|Not Nearly as Creepy as They Should Have Been|
Prolific Horror author Stephen King's third (and one of his best) novel "The Shining" is an epic masterpiece about ghosts, madness, ancient evil and familial terror. When I first read it, it was the most terrifying and fascinating novel I'd ever read. And I ate it up like manna.
You can't begin to imagine how excited I was to hear that one of the greatest filmmakers of all time was going to adapt one of the best ghost novels of all time into a feature film. I remember sitting in the theater before The Shining started, nearly peeing my pants in anticipation of what I thought was going to be the scariest movie ever made. The film started out so promising... Wendy Carlos' (The Exorcist) and Rachel Elkind's booming score was amazing. Jack Nicholson and Scatman Crothers seemed perfectly cast. I could live with Shelley Duvall as Wendy and Danny Lloyd seemed just right as Danny.
But as the movie unfolded, it soon became clear that Kubrick's vision had very little to do with King's. Nicholson, rather than a contrite alcoholic who wanted to make things right, seemed mad from the start and Duvall was hardly the strong-willed Wendy from the book. All of the hotel's backstory was made irrelevant and the roque court and wasp's nest were dismissed out of hand, while the topiary garden was replaced with a hedge maze. WTF!?!? In King's novel, everything has meaning and all of the events are tied together. In Kubrick's movie, nothing has true relevance and events that are explained in the book remain completely random in the film.
It's not as if I don't get what Kubrick was going for. He obviously wanted to create a disorienting atmosphere for his audience. Okay. But why would he deviate so far from King's very effective novel? Why abandon so many of King's ideas? Why present glimpses of scenarios so important to the book's narrative without any context to the plot? When Jack killed Dick Halloran with an ax to his chest, I gave up. This was by no means the movie I had hoped it would be.
Now, before you all go nuts on me and start complaining about how brilliant this movie is, I must ask: Have you read the book? Because just about everyone I know who read the novel, hated the movie. Conversely, those who saw the movie without reading the book, loved it. And I totally get both points of views, though I will go to my grave saying that Kubrick completely failed in adapting King's novel.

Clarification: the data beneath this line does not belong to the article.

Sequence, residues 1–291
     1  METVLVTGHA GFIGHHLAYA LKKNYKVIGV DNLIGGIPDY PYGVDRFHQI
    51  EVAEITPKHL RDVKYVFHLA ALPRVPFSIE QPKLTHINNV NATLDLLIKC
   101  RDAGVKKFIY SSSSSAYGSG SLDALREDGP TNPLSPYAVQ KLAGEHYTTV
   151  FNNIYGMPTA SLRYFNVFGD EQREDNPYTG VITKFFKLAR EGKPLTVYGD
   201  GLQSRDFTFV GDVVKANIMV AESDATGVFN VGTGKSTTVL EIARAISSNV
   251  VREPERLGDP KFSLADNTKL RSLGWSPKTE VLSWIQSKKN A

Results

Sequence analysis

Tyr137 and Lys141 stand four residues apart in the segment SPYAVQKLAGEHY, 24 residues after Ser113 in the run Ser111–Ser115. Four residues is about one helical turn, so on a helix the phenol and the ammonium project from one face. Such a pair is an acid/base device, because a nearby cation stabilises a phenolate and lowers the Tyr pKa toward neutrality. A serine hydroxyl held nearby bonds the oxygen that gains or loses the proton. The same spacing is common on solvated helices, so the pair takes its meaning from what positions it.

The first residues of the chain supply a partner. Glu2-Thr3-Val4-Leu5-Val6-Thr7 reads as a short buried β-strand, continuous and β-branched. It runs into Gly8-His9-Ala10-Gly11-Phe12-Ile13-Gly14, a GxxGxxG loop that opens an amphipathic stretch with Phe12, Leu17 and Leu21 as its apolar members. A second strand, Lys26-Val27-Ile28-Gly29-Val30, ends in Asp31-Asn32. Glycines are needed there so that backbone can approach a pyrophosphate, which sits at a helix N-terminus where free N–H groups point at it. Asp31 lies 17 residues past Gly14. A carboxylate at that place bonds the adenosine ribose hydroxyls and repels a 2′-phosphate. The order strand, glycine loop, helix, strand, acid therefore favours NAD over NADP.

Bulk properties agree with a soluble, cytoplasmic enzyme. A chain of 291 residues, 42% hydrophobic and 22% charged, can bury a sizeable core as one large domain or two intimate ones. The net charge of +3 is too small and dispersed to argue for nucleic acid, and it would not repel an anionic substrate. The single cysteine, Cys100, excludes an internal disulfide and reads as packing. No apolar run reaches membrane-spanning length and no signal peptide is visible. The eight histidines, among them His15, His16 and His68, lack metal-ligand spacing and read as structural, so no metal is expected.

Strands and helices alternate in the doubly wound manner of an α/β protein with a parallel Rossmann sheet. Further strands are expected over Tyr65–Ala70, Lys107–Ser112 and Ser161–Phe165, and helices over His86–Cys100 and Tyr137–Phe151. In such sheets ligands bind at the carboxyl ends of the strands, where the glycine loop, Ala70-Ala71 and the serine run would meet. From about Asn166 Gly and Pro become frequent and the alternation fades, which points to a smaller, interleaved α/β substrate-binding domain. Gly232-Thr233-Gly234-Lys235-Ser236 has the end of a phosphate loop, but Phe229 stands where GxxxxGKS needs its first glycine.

Mick Garris' 1997 TV miniseries version is a little more faithful to the novel (and Rebecca DeMornay makes a much more convincing Wendy), but still disappoints on so many other levels.
The Shining remains on my list of 10 Fantasy/Horror/Sci-Fi Movies that Should Be Remade.
Meanwhile... King's son, writing under the pseudonym Joe Hill, had a brilliant debut novel with his own modern ghost story "Heart-Shaped Box," though his second (and inferior) novel "Horns" is being adapted for the screen, starring Harry Potter himself, Daniel Radcliffe. The film adaptation of "Heart-Shaped Box" remains in 'turn-around.'
Film critic Roger Ebert, who panned the film in 1980, now concludes that: “Kubrick is telling a story with ghosts (the two girls, the former caretaker and a bartender), but it isn't a "ghost story," because the ghosts may not be present in any sense at all except as visions experienced by Jack or Danny.” Meanwhile critic James Berardinelli notes that "King would have us believe that the hotel is haunted. Kubrick is less definitive in the interpretations he offers." He dubbed the film a failure as a ghost story, but brilliant as a study of "madness and the unreliable narrator." And then there is Steve Biodrowski, a former editor of the print magazine Cinefantastique, whose review of the film is one of the few to go into detailed comparison with the novel: “Widely reviled by Stephen King fans for abandoning much of the book (King himself said his feelings balanced out to zero), Stanley Kubrick’s film version, upon re-examination, reveals that he took the same course he had often used in the past when adapting novels to the screen (such as Vladimir Nabokov's Lolita): he stripped away the back story and exposition, distilling the results down to the basic narrative line, with the characters thus rendered in a more archetypal form. The result is a brilliant, ambitious attempt to shoot a horror film without the Gothic trappings of shadows and cobwebs so often associated with the genre.
I get that. It's still not the movie King fans (or King himself, for that matter) wanted.
Post a Comment